Posted here by Stephen Herbert

News and Events roundup, February 2011

The lack of posts on this blog recently is certainly not due to a reduction in Muybridge activity. Other pressures have kept me away, so today a quick roundup of some recent happenings.

Roundtable Discussion: Cinema as a Paradigm Shift in Vision

Thursday 27 January.
Speakers from the Muybridge in Kingston programme returned for a group discussion examining how Muybridge’s work formed part of a wider 19th Century shift in vision as a way of understanding the world. We were gathered together within the exhibition space, around us the glowing images of wall-mounted zoopraxiscope discs and lantern slides. Speakers were Dr. Pasi Valiaho, Prof. Esther Leslie, Deac Rossell and Professor Stephen Barber. As Chair of the event (significantly assisted by Alexandra Reynolds) I certainly enjoyed the evening, and judging by the quality of responses from the audience, they did too. Marek Pytel, master animator of Muybridge images, later remarked: “Sitting, talking about perhaps an end of cinema, while surrounded by the very artifacts of its projected beginnings was actually quite moving. Sometimes one takes these things for granted – and one shouldn’t.”

Other events held at Kingston between September 2010 and January 2011 are detailed on the Muybridge in Kingston website.
http://www.muybridgeinkingston.com/event.php

Muybridge workshops

Rich Bunce gives us a taser of the work of his students at one of the recent Muybridge-related workshops:
http://www.richbunce.com/blog/tag/muybridge/

(c) Rich Bunce

Last Muybridge Workshop

Friday, February 25th, 2011

“This week I completed the last of the Muybridge workshops, which have formed part of the education programme at Kingston Museum; run in conjunction with the  Exhibitions on Muybridge’s work at both the Museum and Tate Britain.

The workshops have been great and really enjoyable to run to do which is always a bonus! Here are some highlights from the work…”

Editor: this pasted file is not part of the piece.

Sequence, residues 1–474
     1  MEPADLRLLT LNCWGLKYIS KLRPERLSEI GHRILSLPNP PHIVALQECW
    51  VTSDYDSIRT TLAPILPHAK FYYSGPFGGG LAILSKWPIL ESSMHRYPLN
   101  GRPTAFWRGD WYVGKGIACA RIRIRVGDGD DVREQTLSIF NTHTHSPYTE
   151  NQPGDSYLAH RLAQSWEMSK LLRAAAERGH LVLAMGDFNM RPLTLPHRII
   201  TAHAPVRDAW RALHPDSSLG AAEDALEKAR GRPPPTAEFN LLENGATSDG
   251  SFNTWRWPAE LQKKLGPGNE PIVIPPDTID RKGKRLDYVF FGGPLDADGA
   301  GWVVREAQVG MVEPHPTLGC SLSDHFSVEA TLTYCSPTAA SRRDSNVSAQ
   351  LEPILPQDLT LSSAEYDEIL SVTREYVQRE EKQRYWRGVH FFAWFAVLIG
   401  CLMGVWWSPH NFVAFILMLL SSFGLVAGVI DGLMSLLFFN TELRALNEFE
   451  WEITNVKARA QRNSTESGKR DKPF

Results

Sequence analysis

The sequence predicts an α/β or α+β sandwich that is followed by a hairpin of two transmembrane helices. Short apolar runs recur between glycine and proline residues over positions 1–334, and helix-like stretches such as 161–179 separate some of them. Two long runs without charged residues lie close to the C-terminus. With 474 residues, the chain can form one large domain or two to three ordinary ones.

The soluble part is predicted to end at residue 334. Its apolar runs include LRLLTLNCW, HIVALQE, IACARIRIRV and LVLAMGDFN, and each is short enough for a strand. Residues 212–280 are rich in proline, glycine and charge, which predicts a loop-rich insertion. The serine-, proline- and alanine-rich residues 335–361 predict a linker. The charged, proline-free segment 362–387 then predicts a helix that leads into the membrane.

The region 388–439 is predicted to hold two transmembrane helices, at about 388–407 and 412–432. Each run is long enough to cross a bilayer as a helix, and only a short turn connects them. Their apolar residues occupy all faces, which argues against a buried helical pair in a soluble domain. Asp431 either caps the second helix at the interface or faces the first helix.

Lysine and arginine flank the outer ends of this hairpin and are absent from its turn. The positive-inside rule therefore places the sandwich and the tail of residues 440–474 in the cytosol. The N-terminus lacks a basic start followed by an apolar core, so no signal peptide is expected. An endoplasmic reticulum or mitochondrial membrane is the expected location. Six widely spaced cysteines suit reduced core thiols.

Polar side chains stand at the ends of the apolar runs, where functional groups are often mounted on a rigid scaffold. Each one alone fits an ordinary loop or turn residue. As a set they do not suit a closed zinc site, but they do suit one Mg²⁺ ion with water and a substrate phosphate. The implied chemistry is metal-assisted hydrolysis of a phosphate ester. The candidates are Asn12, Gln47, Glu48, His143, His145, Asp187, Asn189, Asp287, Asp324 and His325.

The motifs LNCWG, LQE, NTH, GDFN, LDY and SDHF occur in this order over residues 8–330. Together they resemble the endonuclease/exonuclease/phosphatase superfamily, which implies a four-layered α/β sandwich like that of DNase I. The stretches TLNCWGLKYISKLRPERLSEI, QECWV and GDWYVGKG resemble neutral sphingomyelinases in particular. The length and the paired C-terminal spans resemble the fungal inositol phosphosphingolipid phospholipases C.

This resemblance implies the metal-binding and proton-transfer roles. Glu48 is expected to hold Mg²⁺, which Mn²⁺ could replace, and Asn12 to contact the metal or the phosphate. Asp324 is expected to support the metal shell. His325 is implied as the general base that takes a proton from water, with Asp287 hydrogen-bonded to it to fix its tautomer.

Click on the title above to see the work animated on Rich’s website.

Helios opens in San Francisco

Muybridge is back in San Francisco in a big way, starting on Saturday, as the Helios exhibition opened.
SFMOMA Showcases Exhibition: Helios: Eadweard Muybridge in a Time of Change

http://www.artdaily.com/index.asp?int_sec=2&int_new=45299

This first  review questions whether the exhibition should have grasped the thorny subject of attribution:

Photograph of Yosemite Valley from the 'Helios' exhibition

‘Helios: Muybridge in a Time of Change’ review
Kenneth Baker, Chronicle Art Critic
San Francisco Chronicle February 26, 2011 04:00 AM Copyright San Francisco Chronicle.  (Section reproduce here for purposes of review.) Saturday, February 26, 2011

‘…Weston Naef, , a ranking expert on Muybridge’s contemporary E. Carleton Watkins (1829-1916), argues that Muybridge bought the rights to negatives made by others, including Watkins, to market many of the pictures issued under his own name, or under his short-lived commercial moniker, Helios. That Watkins and Muybridge would have connected in the small 19th century world of San Francisco photography seems certain.

The organizer of “Helios,” Corcoran chief curator Philip Brookman, answered Naef’s suspicions by pointing out that some Muybridge landscapes from the period in question include darkroom manipulations, such as the addition of clouds from separate negatives, that appear nowhere in Watkins’ work.

Clearly, over time Muybridge did master the techniques of wet collodion photography and cultivated his own vision of landscape, of history inscribing itself on his time and of his medium’s potential for scientific scrutiny.

Incorporation of the controversy into the SFMOMA presentation – admittedly no small task – might have enriched it. But there is plenty to occupy the eye and mind in the show as it comes.

Muybridge’s innovations went to the brink of cinema, paving the way for the regime of kinetic imagery under which the whole world lives today.

Dwelling in the image world that Muybridge helped create, we inevitably view his work with the slant provided by the famous studies in “Animal Locomotion” first commissioned by railroad baron and university founder Leland Stanford.

“Helios” gathers those sequential pictures – which evidence a bizarre clinical curiosity as well as technical genius on Muybridge’s part – in a depth never seen in an exhibition before.

SFMOMA has appended a small contextualizing roomful of late 19th century American pictures from its own stellar photography collection. But visitors who remember the engrossing 2003 exhibition “Time Stands Still: Eadweard Muybridge and the Instantaneous Photography Movement” at Stanford will wish for more in the way of historical framing.’

Helios: Eadweard Muybridge in a Time of Change: Photographs, books and ephemera. Through June 7. San Francisco Museum of Modern Art, 151 Third St., San Francisco. (415) 357-4000. http://www.sfmoma.org.
E-mail Kenneth Baker at kennethbaker@sfchronicle.com.
This article appeared on page E – 1 of the San Francisco Chronicle